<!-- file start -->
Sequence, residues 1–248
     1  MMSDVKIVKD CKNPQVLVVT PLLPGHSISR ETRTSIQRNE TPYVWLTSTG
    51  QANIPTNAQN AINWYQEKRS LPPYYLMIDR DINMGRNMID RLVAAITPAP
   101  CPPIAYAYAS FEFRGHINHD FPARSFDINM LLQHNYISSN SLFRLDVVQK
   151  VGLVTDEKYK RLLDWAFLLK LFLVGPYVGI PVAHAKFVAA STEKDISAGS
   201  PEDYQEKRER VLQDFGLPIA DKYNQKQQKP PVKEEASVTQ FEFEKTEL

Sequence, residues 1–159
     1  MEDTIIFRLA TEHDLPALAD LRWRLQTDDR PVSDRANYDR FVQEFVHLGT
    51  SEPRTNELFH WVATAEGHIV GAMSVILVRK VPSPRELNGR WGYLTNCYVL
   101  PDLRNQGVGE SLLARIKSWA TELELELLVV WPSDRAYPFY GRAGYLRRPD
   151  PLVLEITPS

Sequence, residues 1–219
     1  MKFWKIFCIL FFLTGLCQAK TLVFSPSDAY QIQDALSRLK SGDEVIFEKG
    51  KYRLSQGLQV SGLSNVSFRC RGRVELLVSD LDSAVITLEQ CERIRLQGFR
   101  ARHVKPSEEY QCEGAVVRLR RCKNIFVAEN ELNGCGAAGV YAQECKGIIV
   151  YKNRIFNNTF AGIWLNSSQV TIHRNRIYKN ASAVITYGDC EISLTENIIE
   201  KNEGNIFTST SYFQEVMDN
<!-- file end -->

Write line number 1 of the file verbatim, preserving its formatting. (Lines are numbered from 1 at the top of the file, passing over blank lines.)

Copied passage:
Sequence, residues 1–248